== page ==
The WSJ asks, in a must-read piece, "China, Friend or Foe?"
According to the Chinese government, the country's defense budget for 2008 was $60 billion, up nearly 18% from a year earlier. The Pentagon believes China's official figures substantially underestimate actual defense spending. It estimates that China spent $105 billion to $150 billion on military-related expenses last year, as its military transforms itself from a low-tech mass army designed to fight a war of attrition against invaders to a more sophisticated, agile force capable of projecting power beyond China's borders.
Thoughts? I remain concerned about China's military threat to American military supremacy for a number of reasons highlighted in the piece. For one, China's increase in strength is not fully transparent, and thus the U.S. should err on the side of caution. Second, China's increase in strength is shifting from one of sheer buildup to one of increasing ability to project power outside of its immediate environs. Third, and most important, China's growth at America's expense does not come interlaced with a worldview/conception of power I find preferable to the American one.
The article does a great job of outlining the Chinese moves towards greater bluewater naval strength - and considers detractors who claim it's largely hype. I don't think it's hype. The stealth wreathing most Chinese military developments should concern us. The nationalism driving militarization should concern us. And, even if China's ability to project military force is currently underdeveloped by its own insistence, its potential development should concern us. China's massive population, economic capacity, public sentiment, and government's ability to act even absent public support are like a giant boulder atop a hill, poised to be rolled down the slope, change into kinetic energy at any point in a massive rearmament process if necessary:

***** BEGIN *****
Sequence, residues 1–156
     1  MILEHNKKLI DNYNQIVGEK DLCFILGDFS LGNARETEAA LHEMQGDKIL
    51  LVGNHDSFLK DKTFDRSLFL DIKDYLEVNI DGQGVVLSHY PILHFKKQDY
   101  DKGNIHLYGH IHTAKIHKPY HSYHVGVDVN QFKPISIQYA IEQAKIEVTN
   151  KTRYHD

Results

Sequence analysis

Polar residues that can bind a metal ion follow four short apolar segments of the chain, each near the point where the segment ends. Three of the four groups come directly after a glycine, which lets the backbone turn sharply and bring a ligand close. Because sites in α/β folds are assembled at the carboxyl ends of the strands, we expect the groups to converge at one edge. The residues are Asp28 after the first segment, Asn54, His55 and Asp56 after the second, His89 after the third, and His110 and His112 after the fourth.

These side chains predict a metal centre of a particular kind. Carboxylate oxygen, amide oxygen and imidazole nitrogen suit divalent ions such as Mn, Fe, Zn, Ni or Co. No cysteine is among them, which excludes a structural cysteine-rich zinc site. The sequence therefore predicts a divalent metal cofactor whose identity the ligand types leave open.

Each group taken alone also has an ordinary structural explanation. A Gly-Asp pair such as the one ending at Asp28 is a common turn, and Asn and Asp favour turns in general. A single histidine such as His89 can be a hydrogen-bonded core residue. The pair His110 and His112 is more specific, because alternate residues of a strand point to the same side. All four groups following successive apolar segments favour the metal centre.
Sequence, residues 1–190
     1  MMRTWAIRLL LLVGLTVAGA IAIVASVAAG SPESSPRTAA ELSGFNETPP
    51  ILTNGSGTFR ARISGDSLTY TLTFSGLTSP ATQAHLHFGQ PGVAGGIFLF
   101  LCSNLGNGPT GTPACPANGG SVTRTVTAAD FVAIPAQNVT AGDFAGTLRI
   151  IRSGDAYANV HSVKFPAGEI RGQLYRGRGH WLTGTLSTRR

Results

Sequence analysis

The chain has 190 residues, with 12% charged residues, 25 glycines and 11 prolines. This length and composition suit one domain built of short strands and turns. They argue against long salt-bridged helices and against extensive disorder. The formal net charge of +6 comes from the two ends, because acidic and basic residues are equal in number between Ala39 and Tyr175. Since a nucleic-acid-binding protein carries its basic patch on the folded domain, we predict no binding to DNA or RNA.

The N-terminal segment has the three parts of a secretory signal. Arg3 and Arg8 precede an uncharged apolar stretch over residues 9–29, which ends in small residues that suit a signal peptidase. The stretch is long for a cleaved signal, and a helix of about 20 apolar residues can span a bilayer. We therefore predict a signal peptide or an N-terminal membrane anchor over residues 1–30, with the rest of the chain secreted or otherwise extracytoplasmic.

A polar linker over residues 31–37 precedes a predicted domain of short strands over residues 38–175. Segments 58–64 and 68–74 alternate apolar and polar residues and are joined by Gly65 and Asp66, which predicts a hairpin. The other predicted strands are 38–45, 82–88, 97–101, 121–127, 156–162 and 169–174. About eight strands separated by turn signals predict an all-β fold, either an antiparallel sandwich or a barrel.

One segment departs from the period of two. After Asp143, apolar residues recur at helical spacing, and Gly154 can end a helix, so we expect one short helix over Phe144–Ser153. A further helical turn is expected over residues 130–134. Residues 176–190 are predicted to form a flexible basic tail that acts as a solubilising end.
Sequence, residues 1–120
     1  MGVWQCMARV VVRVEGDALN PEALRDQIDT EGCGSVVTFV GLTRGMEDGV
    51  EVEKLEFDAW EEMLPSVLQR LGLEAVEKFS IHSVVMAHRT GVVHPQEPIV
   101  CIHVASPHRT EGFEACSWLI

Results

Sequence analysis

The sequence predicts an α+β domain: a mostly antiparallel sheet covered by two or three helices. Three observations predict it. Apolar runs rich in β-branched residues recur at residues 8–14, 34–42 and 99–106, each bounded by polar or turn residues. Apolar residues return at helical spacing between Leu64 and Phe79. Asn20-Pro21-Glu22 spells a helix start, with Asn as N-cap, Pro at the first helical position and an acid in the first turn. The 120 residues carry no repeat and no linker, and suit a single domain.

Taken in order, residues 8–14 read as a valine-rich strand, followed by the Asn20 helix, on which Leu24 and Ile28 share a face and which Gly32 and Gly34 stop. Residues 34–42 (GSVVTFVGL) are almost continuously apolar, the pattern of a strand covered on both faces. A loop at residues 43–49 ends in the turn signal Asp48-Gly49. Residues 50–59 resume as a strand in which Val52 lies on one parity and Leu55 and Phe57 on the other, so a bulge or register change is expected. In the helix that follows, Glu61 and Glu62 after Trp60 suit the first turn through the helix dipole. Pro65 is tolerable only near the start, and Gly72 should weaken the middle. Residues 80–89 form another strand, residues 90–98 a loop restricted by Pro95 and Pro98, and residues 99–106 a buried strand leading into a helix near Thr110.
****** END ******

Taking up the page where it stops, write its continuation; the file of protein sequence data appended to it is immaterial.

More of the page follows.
In China, a vocal public constituency is pressing for a more assertive military. Bai Jieming, who runs a shop in the southern boomtown of Shenzhen selling models of Chinese warships, says that replicas of one of the destroyers sent in December to patrol the Gulf of Aden against pirates, the "168," have sold out. He says that Chinese people long for an aircraft carrier. "I'd even donate money to help build it," says Mr. Bai.
I applaud the WSJ for shedding light on the serious implications and warning signs embedded in the Impeccable incident off Hainan Island. As I have been reiterating since 2002, I find the U.S. focus on "terrorism" has been excessive and detrimental in that it has distracts us from focusing on true, long-term threats to our global position. Any nation at the top of the heap that fails to recognize and address the up-and-coming challenger does so at its own risk.
While the massive economic entanglement of the U.S. and China should prevent conflict by most theories, I'm still wary (and the article notes the disconnect between bilateral economic and military relationships). Most theories would have seen China freeing up its political system even as its economic system became more free over several decades. And that theory has not held.